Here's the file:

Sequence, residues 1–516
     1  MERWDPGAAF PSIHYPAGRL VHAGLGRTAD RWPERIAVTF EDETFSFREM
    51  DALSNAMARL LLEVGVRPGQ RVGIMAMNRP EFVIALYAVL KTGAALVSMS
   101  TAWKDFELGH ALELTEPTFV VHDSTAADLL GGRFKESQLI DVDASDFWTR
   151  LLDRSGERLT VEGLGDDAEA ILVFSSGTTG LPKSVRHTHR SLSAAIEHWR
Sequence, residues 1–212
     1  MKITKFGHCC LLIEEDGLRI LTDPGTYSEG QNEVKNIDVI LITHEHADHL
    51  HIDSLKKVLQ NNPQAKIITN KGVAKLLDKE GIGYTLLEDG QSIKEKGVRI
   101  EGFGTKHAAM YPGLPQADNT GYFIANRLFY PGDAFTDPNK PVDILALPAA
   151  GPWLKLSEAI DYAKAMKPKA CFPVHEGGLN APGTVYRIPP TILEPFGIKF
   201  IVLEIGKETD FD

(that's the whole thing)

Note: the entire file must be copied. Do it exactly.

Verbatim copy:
Sequence, residues 1–516
     1  MERWDPGAAF PSIHYPAGRL VHAGLGRTAD RWPERIAVTF EDETFSFREM
    51  DALSNAMARL LLEVGVRPGQ RVGIMAMNRP EFVIALYAVL KTGAALVSMS
   101  TAWKDFELGH ALELTEPTFV VHDSTAADLL GGRFKESQLI DVDASDFWTR
   151  LLDRSGERLT VEGLGDDAEA ILVFSSGTTG LPKSVRHTHR SLSAAIEHWR
Sequence, residues 1–212
     1  MKITKFGHCC LLIEEDGLRI LTDPGTYSEG QNEVKNIDVI LITHEHADHL
    51  HIDSLKKVLQ NNPQAKIITN KGVAKLLDKE GIGYTLLEDG QSIKEKGVRI
   101  EGFGTKHAAM YPGLPQADNT GYFIANRLFY PGDAFTDPNK PVDILALPAA
   151  GPWLKLSEAI DYAKAMKPKA CFPVHEGGLN APGTVYRIPP TILEPFGIKF
   201  IVLEIGKETD FD